Wednesday, February 20, 2008

Data Goes SLAuto at Oracle

Thanks to Steve Jones, check out this presentation from David Chappell, Oracle VP and CTO of SOA, titled "Next-Generation Grid Enabled SOA". (A shorter written article can be found in at SOA Magazine's site.) Chappell outlines the work that Oracle is doing at turning the traditional model of application scalability on its head; instead of a fixed amount of database resources and scaling the applications/services horizontally, scale the database (using a cool complex adaptive systems approach) and alleviate much of the need to scale apps and services (except for CPU bound services). For someone like me, that's mind blowing.

Add to that the fact that the data management functions are relatively homogenous (though the infrastructure may not be), and aware of its resource utilization, and you can see why they are claiming a certain amount of hardware-metric based SLAuto.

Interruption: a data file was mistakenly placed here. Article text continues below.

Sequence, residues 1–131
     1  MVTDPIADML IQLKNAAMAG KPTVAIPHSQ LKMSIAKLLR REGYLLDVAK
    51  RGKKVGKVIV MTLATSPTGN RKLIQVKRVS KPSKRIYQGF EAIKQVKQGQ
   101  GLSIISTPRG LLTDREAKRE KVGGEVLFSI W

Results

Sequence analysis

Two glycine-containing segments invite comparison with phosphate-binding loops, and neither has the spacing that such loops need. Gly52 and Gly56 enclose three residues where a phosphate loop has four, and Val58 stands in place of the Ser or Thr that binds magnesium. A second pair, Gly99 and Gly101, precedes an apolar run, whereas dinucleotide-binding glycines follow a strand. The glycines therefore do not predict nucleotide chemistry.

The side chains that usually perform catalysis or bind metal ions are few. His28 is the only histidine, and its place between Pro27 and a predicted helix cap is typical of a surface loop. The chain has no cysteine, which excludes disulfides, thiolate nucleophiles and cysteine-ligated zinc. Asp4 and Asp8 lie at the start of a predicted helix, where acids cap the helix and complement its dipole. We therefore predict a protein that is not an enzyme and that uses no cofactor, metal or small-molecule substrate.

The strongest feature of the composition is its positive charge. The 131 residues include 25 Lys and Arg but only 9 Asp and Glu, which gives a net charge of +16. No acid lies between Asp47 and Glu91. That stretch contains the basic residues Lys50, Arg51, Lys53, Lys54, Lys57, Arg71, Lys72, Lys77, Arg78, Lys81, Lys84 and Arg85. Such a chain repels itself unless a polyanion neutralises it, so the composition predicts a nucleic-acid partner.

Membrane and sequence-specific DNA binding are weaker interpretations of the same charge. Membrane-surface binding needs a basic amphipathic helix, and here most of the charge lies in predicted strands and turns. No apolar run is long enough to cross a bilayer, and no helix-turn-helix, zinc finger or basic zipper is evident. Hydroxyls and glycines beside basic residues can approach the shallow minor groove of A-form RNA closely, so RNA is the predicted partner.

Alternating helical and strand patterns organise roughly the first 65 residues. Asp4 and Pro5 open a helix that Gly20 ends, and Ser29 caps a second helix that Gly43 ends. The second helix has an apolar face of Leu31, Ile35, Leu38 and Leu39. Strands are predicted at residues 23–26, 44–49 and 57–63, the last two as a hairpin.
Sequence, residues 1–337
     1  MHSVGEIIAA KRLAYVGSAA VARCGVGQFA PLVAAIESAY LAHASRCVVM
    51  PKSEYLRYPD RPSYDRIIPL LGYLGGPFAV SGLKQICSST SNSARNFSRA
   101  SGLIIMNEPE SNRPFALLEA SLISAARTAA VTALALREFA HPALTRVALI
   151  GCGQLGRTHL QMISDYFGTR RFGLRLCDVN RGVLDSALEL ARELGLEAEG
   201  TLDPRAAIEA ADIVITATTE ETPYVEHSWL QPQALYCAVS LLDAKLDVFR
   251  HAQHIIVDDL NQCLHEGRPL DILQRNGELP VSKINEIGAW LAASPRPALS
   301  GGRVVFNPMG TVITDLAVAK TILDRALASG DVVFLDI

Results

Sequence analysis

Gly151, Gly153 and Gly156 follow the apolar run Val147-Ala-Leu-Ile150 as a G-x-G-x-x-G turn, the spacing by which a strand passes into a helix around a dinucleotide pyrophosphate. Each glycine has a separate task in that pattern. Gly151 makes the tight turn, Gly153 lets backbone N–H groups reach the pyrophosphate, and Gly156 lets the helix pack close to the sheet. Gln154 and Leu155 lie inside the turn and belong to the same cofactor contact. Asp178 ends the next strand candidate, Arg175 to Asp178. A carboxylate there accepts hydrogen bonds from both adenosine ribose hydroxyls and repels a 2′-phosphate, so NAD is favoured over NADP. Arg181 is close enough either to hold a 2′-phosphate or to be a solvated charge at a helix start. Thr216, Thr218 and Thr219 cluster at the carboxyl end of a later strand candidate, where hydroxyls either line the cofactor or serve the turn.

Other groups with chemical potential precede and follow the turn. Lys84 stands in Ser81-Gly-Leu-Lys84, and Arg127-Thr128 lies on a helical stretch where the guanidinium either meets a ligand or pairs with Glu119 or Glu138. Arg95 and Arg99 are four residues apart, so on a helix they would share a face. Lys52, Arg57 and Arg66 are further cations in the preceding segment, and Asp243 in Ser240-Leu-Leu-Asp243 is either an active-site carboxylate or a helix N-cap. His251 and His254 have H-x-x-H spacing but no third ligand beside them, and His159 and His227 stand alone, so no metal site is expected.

(Hardware metric based SLAuto is based in measurements of hardware components, such as CPU utilization, memory utilization and so on. Software-based SLAuto usually uses business metrics such as transaction rates, active accounts, etc. to make scaling decisions.)

The catch? Well, everything must be written to use the "Data Grid" if its to take advantage of these capabilities. Legacy applications need not apply. (Could be the deal killer for David's "Not your MOM's Bus" concept.)

It seems to me that if Oracle wants this approach to catch on, it should open source a reference implementation as soon as possible. I'm not an expert at the most recent data processing approaches, but it would seem to me that Map-Reduce approaches would be complimentary to the Data Grid. However, Hadoop implementations would generally only be integrated with a data grid if there was an open source alternative. Otherwise, MySQL will continue to be the first choice. Open Source would also speed up integration between the data grid and infrastructure automation such as Cassatt and its competitors.

Dave hints at a URL for more info on the Oracle site, but I can't find it. If anyone tracks it down, I would appreciate any help I can get.

0 comments: